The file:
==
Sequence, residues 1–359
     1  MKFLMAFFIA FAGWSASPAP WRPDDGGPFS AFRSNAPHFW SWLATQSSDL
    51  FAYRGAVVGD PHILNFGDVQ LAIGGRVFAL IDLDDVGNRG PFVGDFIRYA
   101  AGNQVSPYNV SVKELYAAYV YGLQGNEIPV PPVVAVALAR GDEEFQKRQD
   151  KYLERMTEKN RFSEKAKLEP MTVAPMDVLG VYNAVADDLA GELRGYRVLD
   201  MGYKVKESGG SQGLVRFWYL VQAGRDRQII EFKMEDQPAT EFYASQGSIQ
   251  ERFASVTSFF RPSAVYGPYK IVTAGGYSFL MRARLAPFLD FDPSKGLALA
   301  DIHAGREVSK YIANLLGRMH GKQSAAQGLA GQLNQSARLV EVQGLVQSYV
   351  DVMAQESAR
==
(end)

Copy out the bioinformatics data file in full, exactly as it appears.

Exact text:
Sequence, residues 1–359
     1  MKFLMAFFIA FAGWSASPAP WRPDDGGPFS AFRSNAPHFW SWLATQSSDL
    51  FAYRGAVVGD PHILNFGDVQ LAIGGRVFAL IDLDDVGNRG PFVGDFIRYA
   101  AGNQVSPYNV SVKELYAAYV YGLQGNEIPV PPVVAVALAR GDEEFQKRQD
   151  KYLERMTEKN RFSEKAKLEP MTVAPMDVLG VYNAVADDLA GELRGYRVLD
   201  MGYKVKESGG SQGLVRFWYL VQAGRDRQII EFKMEDQPAT EFYASQGSIQ
   251  ERFASVTSFF RPSAVYGPYK IVTAGGYSFL MRARLAPFLD FDPSKGLALA
   301  DIHAGREVSK YIANLLGRMH GKQSAAQGLA GQLNQSARLV EVQGLVQSYV
   351  DVMAQESAR